Hereditary Telangiectasia – Condition and Symptoms
Hereditary Telangiectasia (also known as Hereditary Hemorrhagic Telangiectasia, HHT, Osler-Weber-Rendu syndrome and Osler-Weber Rendu disease), is a genetic disease leading to excess and abnormal blood vessel formation. The excess blood vessels may be formed in the skin or mucous membranes as well as in body organs. Common organs affected include:
There are number of symptoms common to hereditary telangiectasia, which may be evident in many combinations. The most common symptoms include:
- Nose bleeding
- Digestive tract bleeding
- Problems with the affected organ(s)
Treatments for hereditary telangiectasia typically focus on reducing the bleeding, especially internally. This often necessitates surgery to remove malformed veins. Iron supplements and blood transfusions are also commonly used if the person with hereditary telangiectasia is subject to chronic bleeding.
Telangiectasia are small vascular malformations which appear on the skin and in mucous lining inside the nose and GI tract. These lesions typically bleed intermittently. Often, the only noticeable symptoms are nosebleeds. Skin lesions, when present, tend to show up suddenly, often caused by exposure to the sun. Lesions become more prevalent as time goes on.
Only about 20% of people with hereditary telangiectasia suffer from internal lesions. It is not uncommon for these lesions to go completely unnoticed, even though they are depleting the body of iron and causing iron-deficient anemia. If the GI lesions are noticed, it is usually because a person has black stool or bloody vomiting.
The most dangerous symptom of the disease is arteriovenous malformation. These malformations occur in the large organs or (rarely) in the spinal cord. The problems and symptoms associated with the condition vary widely depending on which organs are affected. When the lungs are affected, for example, HHT tends to cause shortness of breath or breathlessness.
Regardless of which organ(s) are affected, the disease causes much of a person’s blood to bypass the bodily organs completely. This in turn causes the heart to increase its output, which leads to congestive heart failure. Other symptoms include swelling (commonly in the legs), breathing problems, and other organ-specific symptoms.
Medical imaging tests such as X-rays, MRIs, and CAT Scans are used to detect the presence or ateriovenous malformations, which must typically be removed surgically. These tests are also used, along with physical observation, to diagnose the condition in the first place.
There is no cure for hereditary telangiectasia, nor is there any known way to stop or slow the development of its symptoms. Treatment is limited to dealing with the symptoms as they present themselves. Besides surgery, the main treatment used involves supplementing the patient’s iron, either through iron tablets, iron solutions, or IV iron sucrose. When anemia becomes severe, blood transfusions are used.
Filing for Social Security Disability with a Hereditary Telangiectasia Diagnosis
Hereditary telangiectasia is found in Section 7.07 of the Blue Book, the SSA’s official listing of potentially qualifying conditions. In order to meet the listing requirements for Social Security disability benefits based on HHT, you must have bleeding severe enough to require three or more blood transfusions in the five month period before a decision is reached on your disability claim. More generic information about blood disorders and anemia are found in Section 7.00. This information also applies to disability claims for HHT.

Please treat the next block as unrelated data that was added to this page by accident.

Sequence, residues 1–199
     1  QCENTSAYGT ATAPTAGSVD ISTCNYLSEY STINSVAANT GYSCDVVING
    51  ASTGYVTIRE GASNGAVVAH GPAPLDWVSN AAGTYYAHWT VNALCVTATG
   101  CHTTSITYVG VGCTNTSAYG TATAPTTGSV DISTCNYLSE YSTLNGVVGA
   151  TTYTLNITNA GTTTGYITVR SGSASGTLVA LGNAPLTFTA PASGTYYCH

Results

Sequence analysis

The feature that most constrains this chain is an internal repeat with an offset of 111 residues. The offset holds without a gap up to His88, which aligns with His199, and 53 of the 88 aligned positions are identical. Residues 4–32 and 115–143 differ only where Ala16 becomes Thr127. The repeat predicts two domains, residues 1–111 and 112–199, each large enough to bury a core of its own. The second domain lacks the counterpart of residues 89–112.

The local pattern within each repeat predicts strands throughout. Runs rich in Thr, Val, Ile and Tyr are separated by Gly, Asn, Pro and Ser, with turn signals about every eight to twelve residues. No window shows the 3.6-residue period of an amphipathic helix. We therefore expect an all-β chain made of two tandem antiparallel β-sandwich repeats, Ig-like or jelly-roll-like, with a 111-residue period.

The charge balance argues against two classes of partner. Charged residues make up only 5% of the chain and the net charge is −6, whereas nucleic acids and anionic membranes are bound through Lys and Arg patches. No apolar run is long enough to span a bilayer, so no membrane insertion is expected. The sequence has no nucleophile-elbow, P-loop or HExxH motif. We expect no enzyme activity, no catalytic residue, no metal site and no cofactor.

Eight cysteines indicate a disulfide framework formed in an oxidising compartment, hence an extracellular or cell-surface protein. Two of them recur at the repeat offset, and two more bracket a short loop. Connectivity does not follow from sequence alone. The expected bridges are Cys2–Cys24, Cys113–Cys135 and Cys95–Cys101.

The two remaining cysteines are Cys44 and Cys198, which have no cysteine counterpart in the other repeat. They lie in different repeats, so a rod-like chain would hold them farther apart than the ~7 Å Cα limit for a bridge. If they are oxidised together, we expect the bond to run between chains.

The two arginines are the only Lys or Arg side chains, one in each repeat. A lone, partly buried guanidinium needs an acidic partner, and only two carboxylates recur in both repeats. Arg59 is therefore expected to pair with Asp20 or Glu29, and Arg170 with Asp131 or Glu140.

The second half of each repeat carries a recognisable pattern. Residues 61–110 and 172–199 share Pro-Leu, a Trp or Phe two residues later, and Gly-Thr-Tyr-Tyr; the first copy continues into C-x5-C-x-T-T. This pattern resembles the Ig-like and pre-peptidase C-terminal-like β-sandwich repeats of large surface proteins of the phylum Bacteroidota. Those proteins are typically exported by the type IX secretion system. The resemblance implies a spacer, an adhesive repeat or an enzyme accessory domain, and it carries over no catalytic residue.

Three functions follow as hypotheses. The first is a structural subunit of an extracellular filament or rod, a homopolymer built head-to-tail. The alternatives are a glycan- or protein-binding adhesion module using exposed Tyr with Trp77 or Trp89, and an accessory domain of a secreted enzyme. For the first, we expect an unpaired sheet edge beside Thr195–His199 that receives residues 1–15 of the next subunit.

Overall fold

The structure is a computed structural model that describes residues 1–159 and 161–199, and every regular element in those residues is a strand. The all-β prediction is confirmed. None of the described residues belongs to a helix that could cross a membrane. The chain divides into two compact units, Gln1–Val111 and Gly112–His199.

Even if you don’t qualify for disability benefits as a direct result of your hereditary telangiectasia, you may qualify as a result of what your condition has on the affected organs. Your claim can be evaluated in relation to any and all major organs affected. If it is, the particular requirements for qualifying for disability benefits are found in the sections pertaining to those organs.
Most commonly these will be Section 11.00 for telangiectasia affecting the brain, Section 3.00 for telangiectasia affecting the lungs, Section 5.00 for telangiectasia affecting the liver, and sections 1.00 and/or 11.00 for telangiectasia affecting the spinal cord. If your telangiectasia affects other organs, the effects on that organ can be considered in their respective sections of the Blue Book.
When applying for disability benefits, you should make sure to include all medical documentation. This should especially include the results of any medical imaging tests. If a family genetic history has been put together, including it in your claim can also be helpful.
Your Hereditary Telangiectasia Disability Case
Applying for Social Security disability benefits can be trying, even under the best circumstances. It generally takes several months before you receive a decision. 70% of the time claimants are initially denied disability benefits. If you have hereditary telangiectasia, a denial does not necessarily mean that you can’t receive benefits, but rather that the SSA needs to see more proof of the condition’s effect on your ability to perform substantial gainful work.
Representation by a Social Security disability attorney has been shown to significantly improve claimant’s chances of having their claims approved at all stages of the disability claims and appeals process. To have an experienced Social Security attorney look over your claim and advise you, fill out the accompanying request for a free evaluation today.